Calculating Future Earnings Per Share

First, determine the growth rate you wish to use to make a projection of future Earnings Per Share.

In Excel, type =FV( and you’ll see the formula below appear:

The bolded abbreviation rate means you should enter the growth rate you have determined, typed in
as a percentage, and followed by a comma.

The bolded nper should be 10 (the number of years into the future for this estimate), followed by a comma.

## The bolded pmt can be skipped, so just enter another comma.

The bolded pv is the number you want to start with. Input it as a negative number. Let’s say that in our
example, the current EPS is \$1.43 per share, which is entered as -1.43. Then close the parentheses.

## Phil’s Rule #1 Investing Formulas for Excel 4

Next, hit ‘enter’ and Excel will immediately calculate the EPS 10 years into the future. IN this case, 20 years
from now we’re estimating the earnings in this business will be at least \$5.79 per share.

All Future Value (FV) calculations work the same way. Be very careful about inserting commas. If you fail
to input a comma in the right place (or fail to use a minus sign in front of certain values) you won’t get
the right results.

## Phil’s Rule #1 Investing Formulas for Excel 5

Calculating Future Stock Price

The future stock price is the estimated (future) EPS multiplied by a PE of your choice. See Chapter 9 in
Rule #1 for a complete explanation of how to arrive at a PE.

In Excel, type = and click on the future EPS number, in this case \$5.79.

Now, we’ll multiply by 30 (or whatever the PE number is that you’ve chosen) by typing *30 into the field.

Hit ‘enter’ and and Excel will immediately calculate the stock price 10 years into the future. In this case,
10 years from now we’re estimating the stock price of this business will be about \$173.55 per share.

## Phil’s Rule #1 Investing Formulas for Excel 6

Calculating Sticker Prices

First, determine your minimum acceptable rate of return. For Rule #1 investors, it’s 15% per year.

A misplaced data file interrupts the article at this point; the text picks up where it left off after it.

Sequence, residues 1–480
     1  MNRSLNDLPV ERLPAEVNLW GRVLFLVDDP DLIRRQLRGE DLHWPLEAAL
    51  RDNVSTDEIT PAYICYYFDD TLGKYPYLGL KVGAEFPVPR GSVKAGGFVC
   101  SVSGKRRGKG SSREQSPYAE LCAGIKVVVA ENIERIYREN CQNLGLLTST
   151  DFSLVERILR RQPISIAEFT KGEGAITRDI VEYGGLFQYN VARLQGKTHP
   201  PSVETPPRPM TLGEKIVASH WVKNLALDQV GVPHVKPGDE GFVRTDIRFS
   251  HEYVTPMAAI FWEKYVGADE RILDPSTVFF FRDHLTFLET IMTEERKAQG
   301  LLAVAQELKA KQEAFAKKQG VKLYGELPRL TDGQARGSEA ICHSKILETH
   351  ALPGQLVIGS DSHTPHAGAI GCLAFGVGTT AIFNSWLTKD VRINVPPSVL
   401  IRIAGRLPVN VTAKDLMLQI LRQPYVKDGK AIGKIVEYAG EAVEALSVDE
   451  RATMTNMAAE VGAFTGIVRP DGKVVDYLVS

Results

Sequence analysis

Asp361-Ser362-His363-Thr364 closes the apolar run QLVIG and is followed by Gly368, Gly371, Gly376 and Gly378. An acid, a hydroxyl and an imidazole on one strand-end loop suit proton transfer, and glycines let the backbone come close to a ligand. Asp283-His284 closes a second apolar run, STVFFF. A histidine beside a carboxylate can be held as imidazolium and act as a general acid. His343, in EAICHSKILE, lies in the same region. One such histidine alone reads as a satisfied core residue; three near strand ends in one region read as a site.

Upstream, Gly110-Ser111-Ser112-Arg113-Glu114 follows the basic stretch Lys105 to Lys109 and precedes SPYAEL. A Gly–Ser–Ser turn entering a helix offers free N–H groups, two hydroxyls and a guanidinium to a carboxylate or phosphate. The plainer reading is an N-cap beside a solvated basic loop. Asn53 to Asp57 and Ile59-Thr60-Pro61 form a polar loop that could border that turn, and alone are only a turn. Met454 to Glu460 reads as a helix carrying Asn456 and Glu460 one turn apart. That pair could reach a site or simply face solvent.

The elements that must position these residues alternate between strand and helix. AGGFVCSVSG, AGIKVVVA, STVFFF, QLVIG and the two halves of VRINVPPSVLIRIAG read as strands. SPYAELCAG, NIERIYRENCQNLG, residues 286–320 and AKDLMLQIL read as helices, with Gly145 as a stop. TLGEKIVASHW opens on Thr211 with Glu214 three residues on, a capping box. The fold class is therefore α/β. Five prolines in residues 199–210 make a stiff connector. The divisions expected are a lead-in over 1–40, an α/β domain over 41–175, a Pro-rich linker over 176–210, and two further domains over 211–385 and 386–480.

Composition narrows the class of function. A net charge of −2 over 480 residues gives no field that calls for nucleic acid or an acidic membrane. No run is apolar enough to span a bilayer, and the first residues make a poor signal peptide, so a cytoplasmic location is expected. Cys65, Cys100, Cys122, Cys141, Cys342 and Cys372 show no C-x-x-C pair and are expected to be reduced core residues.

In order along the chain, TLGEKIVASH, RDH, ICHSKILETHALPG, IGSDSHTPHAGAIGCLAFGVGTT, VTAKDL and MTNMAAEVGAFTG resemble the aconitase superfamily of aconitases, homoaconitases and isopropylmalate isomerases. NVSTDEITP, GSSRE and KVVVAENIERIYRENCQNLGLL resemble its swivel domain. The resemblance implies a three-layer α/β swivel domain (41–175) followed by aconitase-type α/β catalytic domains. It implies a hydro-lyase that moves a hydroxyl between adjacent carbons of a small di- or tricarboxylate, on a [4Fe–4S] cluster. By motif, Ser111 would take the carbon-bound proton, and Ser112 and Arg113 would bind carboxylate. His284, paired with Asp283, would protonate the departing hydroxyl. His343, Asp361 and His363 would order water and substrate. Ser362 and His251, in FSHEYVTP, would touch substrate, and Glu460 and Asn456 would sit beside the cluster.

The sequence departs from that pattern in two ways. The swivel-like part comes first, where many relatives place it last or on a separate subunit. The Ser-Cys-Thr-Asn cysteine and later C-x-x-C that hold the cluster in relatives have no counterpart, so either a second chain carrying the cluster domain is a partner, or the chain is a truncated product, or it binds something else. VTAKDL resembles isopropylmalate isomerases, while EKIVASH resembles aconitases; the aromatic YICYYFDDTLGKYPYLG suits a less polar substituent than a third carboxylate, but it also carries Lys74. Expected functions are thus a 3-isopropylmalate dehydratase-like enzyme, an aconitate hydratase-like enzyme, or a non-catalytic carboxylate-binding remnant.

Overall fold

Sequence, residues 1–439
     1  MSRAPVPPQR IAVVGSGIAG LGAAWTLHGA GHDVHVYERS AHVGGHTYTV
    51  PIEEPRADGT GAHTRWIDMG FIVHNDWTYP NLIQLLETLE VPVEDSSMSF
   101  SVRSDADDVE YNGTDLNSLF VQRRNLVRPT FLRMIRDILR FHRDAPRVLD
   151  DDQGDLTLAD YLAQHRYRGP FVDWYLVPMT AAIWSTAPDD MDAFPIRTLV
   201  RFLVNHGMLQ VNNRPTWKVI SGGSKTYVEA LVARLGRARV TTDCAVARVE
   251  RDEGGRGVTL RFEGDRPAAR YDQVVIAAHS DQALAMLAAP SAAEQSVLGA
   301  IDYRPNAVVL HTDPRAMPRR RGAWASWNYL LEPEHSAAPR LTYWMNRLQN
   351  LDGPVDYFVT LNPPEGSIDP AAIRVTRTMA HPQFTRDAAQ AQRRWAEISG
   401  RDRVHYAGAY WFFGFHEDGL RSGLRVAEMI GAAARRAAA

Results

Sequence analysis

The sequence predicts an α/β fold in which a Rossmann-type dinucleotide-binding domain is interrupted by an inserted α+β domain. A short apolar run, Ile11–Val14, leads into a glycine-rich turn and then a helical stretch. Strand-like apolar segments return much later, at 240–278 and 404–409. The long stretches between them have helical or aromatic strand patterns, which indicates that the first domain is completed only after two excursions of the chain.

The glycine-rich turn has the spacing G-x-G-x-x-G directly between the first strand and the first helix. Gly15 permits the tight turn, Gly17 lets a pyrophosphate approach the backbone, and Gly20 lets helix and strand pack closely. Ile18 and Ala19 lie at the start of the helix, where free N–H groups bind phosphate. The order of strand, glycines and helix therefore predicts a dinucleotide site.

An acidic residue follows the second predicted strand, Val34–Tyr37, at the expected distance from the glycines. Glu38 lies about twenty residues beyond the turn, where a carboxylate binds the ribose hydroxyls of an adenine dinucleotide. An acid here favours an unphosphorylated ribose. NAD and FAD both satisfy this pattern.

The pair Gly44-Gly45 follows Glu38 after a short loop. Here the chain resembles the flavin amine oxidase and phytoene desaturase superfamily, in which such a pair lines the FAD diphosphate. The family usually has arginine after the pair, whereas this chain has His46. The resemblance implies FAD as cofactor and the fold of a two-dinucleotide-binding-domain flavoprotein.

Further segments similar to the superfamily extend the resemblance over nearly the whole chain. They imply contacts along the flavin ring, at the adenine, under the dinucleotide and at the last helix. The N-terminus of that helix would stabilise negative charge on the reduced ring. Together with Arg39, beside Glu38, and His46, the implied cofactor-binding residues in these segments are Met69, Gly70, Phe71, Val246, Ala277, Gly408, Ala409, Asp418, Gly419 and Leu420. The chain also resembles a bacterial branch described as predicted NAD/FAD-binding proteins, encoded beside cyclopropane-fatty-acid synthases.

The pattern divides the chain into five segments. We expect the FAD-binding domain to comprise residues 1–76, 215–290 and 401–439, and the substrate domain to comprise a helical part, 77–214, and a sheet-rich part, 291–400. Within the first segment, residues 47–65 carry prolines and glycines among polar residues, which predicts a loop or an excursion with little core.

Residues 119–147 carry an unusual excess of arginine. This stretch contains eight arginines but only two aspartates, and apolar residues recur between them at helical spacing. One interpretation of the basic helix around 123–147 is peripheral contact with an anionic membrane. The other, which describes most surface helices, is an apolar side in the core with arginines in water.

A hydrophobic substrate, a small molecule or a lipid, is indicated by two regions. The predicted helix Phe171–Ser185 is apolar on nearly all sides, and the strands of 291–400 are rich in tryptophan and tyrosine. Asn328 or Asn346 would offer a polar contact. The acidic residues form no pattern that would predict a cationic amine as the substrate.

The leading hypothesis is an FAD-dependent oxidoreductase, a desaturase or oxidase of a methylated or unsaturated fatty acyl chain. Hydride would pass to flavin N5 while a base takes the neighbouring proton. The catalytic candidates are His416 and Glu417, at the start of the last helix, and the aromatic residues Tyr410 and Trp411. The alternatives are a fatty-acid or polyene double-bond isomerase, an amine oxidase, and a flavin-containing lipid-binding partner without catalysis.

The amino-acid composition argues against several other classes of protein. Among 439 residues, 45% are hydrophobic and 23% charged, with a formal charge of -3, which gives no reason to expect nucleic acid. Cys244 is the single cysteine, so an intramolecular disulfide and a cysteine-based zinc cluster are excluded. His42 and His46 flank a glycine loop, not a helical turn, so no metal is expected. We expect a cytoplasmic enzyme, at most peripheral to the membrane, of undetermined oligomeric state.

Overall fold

## In Excel, type =PV( and you’ll see this formula appear:

The bolded abbreviation rate means you should enter the minimum acceptable rate of return - which will
be 15% followed by a comma.

The bolded nper means you should enter the number of years from the future back to today. In this case
it will be 10 followed by a comma.

The bolded pmt is a field you can skip for this calculation. Simply type a comma and move on.

## Phil’s Rule #1 Investing Formulas for Excel 7

When you move on, the [fv] will be bolded, and here you should enter the future stock price. In this
example, the future stock price is \$173.55. You’ll want to enter the negative version of that number,
so you should type in -173.55, or type a minus sign and then click the cell that already contains the
value. Then, close the parentheses.

Hit ‘enter’ and Excel will immediately calculate the Sticker Price - which, in this case, is \$42.90.

## Phil’s Rule #1 Investing Formulas for Excel 8

Calculating the Margin of Safety Price

## The Margin of Safety price is HALF of the Sticker Price.

In Excel, type = and then click on the cell containing the sticker price.

To figure out what half the price is, multiply it by 50% by typing *50%

Hit enter, and Excel will immediately calculate the MOS price. In this case, the MOS is \$21.45 – which is
half of \$42.90.

## Once you get used to working in Excel, these calculations

will soon become second nature to you.